Friday, March 20, 2009

Hurdia Victoria: Cambrian Supercritter of the Burgess Shale

"Ancient Creature Was a Miniature Monster"
LiveScience (March 19, 2009)

"A fossil from famous shale deposits in Canada was thought to be unremarkable, but a new study finds that it's actually the remains of a 500-million-year-old monster-looking predator.

"The Burgess Shale (a UNESCO World Heritage Site in the Canadian Rockies of British Columbia) has yielded exceptionally well-preserved fossils that present a remarkable snapshot of Cambrian marine life from 505 million years ago.

"The first fragments of the monster fossil (a species called Hurdia victoria) were described nearly 100 years ago, and at the time, they were thought to be part of a crustacean-like animal, and other parts were subsequently described as multiple organisms including jellyfish, sea cucumbers and other arthropods...."

Calling this critter "miniature" is all in your point of view. It was about a foot and a half long, which is very roughly the size of a cat. Today, not all that big. Half a billion years ago, there weren't too many things around bigger than that. That we know of.

Mistaking Parts for Other Critters - How Stupid is That?

Not very, actually. When creatures die, the parts don't all stay connected. And, when you're looking at a creature that's not much like anything around today, it's nowhere near as easy as "The toe bone's connected to the foot bone...."

Burgess Shale: A Century of Weirdness

Over a half-billion years ago, what's now Canada's Yoho National Park in the Rocky Mountains was under water, near the equator. The Rocky Mountains wouldn't be there for a very long time, but there was a limestone cliff with a nearly-vertical drop of 100 meters (around 300 feet). Fine mud flowed, and fell, off the top of the cliff, washing whatever creatures were in or near it along. The mud and creatures piled up at the base of the cliff.

That mud got buried under more debris, and turned to shale. Continents moved, collided, and moved again. Somewhat later, what had been a shallow sea floor was about two miles above the current sea level.

Around that time, Charles D. Walcott became Secretary of the Smithsonian Institution and found fossils in the shale.

Lots of fossils.

Walcott noticed the ancient animals in 1909. By now, there are about 65,000 in the Smithsonian National Museum of Natural History collection.

The Burgess Shale deposits are particularly valuable because the fine mud preserved very small details in the creatures buried there. And, since what put the mud and the animals there happened very quickly, paleontologists get to study a fairly complete selection of creatures that lived in one place at one time - a sort of ecological snapshot.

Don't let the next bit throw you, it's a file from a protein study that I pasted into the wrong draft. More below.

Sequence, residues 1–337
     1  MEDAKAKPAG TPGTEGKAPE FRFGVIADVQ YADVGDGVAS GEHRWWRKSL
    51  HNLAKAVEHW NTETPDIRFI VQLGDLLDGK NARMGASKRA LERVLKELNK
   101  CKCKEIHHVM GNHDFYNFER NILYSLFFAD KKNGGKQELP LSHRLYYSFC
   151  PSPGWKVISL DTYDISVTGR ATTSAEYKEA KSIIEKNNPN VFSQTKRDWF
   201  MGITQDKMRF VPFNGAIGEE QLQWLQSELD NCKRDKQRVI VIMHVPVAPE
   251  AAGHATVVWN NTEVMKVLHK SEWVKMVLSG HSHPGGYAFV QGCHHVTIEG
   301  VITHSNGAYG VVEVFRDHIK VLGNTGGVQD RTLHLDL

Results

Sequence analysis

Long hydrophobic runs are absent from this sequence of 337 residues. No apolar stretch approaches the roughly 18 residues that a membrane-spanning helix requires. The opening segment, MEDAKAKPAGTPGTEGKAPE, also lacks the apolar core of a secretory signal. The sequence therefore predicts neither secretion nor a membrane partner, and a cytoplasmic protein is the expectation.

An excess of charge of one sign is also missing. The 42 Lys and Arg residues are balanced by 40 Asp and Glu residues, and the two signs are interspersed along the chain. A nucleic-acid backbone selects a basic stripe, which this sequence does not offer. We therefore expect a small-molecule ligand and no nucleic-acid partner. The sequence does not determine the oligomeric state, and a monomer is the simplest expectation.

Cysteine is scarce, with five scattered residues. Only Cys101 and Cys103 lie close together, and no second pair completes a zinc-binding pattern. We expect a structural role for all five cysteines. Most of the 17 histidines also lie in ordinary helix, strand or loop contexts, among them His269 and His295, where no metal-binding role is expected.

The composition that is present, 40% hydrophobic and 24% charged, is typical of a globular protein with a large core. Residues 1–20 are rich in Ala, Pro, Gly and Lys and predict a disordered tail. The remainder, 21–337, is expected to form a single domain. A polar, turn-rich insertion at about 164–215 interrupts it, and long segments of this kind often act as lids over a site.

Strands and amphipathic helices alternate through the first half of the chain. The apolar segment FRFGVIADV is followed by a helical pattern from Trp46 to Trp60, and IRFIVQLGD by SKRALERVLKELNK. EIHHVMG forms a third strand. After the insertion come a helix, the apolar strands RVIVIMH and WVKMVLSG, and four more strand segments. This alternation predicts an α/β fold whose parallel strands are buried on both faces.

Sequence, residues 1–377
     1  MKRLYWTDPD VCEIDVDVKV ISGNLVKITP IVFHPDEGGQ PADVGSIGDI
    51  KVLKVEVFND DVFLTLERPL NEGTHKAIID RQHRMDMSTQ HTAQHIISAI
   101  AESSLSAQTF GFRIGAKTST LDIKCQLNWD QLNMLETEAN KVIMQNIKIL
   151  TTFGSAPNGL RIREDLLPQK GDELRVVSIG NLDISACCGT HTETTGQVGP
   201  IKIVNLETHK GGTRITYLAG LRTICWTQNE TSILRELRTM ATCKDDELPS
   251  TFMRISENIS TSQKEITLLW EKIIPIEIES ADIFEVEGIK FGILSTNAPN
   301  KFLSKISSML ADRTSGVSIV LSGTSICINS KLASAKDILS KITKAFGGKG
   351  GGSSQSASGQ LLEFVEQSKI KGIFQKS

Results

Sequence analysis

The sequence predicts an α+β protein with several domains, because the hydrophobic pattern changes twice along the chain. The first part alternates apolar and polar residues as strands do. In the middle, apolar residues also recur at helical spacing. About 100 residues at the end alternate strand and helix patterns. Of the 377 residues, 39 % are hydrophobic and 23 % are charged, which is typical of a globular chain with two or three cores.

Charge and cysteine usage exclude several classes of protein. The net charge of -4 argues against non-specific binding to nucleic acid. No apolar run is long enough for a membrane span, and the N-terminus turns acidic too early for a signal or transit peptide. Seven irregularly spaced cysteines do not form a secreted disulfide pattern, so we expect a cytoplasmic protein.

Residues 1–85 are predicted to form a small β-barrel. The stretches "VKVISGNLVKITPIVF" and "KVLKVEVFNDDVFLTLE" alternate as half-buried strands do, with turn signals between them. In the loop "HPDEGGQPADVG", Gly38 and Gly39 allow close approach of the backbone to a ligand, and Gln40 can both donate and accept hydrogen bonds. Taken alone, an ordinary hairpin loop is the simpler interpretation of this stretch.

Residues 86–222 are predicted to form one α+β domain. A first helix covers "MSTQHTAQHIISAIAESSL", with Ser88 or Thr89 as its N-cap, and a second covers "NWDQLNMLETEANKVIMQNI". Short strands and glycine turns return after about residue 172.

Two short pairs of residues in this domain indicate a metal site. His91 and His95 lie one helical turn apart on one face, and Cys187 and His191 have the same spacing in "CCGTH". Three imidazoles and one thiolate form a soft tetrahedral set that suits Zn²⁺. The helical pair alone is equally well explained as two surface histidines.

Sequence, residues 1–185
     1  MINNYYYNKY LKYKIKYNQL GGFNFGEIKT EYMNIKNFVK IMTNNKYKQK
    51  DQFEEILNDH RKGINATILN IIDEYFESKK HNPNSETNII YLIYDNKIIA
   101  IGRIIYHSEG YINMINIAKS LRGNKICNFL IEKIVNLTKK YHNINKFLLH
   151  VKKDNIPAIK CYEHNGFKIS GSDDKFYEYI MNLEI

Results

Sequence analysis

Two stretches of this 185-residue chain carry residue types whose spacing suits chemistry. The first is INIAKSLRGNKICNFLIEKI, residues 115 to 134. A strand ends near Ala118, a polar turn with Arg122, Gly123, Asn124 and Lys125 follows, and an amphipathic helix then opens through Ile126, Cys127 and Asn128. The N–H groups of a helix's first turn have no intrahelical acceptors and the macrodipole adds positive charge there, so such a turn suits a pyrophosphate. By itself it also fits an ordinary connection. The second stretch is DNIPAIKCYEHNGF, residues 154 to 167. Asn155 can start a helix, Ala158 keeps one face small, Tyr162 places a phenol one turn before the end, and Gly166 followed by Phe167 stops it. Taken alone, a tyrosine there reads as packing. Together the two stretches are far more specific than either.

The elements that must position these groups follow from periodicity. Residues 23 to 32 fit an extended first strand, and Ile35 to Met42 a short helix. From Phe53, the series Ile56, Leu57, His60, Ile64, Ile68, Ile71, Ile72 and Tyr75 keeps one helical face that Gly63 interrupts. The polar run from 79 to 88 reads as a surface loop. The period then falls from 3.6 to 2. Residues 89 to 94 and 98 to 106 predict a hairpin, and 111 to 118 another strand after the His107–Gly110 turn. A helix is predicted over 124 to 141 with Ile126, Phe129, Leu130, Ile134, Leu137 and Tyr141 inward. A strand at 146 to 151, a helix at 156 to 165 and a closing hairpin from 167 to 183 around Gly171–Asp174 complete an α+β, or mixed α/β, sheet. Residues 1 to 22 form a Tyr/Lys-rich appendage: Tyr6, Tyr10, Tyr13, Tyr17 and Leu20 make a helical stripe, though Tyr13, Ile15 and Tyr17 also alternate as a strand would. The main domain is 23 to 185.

Fine Mud, Rare Event

And, as the Smithsonian Museum wrote, "The hard parts of all these animals caught in the mudslide were preserved as fossils, like the process at any other Cambrian site. However, here the fine mud also penetrated and filled all available spaces within the animals, thus preserving the shapes and locations of all the soft parts. This is a rare event and has made these fossils extremely valuable to the paleontologist."

That was the good news. The even-better news was that quite a few of the specimens were not just strange: they were downright weird. There were animals that didn't seem related to any creatures alive today.

Back to Hurdia victoria, the critter to in that picture to the left. The front part of the animal, on the right, has an over-size, three-part carapace out in front of it's head. What it's there for is anyone's guess at this point.

Which is what makes Hurdia victoria and the other Burgess Shale creatures so fascinating.

There's a lot that we don't know about them. Yet.

Some of the organisms seem to be ancestors of forms of life we are familiar with: algae, chordates (animals with notochord or spinal column - like us) and arthropods (animals with jointed limbs, a segmented body and an exoskeleton made of chitin - like spiders). Others are sort of like forms of life we're familiar with: but don't seem related to anything we've seen before.

There are creatures from familiar phyla:
  • Porifera (sponges)
  • Annelida (segmented worms)
  • Priapulida (cactus worms)
  • Onychophora (velvet worms)
  • Arthropoda (insects, crustaceans, and the like)
  • Echinodermata (sea urchins, starfish)
  • Chordata (fish, birds, us)
Okay: some of those aren't that familiar to most people. But, they're kinds of critters that scientists have run into before.

Then, there's "Unknown Phyla" - creatures that existed, but don't have any (known) living counterparts. Some of them aren't like anything that's been found since the Cambrian period.

Like opabinia regalis, there. Five eyes, a long and flexible proboscis with grasping spines at the end, and rows of lobes that probably helped it swim: this isn't quite like anything that's alive today.

Scientists thought their colleague's reconstruction of the creature was a pretty good joke when they first saw it, at a meeting back in 1972. Then, they found out that the presenter was
  1. Serious
  2. Right
That five-eyed whatsit is a pretty good example of what we've got in the Burgess Shale: a huge amount of detailed evidence, most of which we still don't understand.

A century after Walcott noticed that first fossil in the Burgess Shale, paleontologists are still putting the puzzle together. Literally, in the case of Hurdia victoria.

There's exciting work still to be done. And, for people like me, the prospect of watching as paleontologists learn more about how life has developed.

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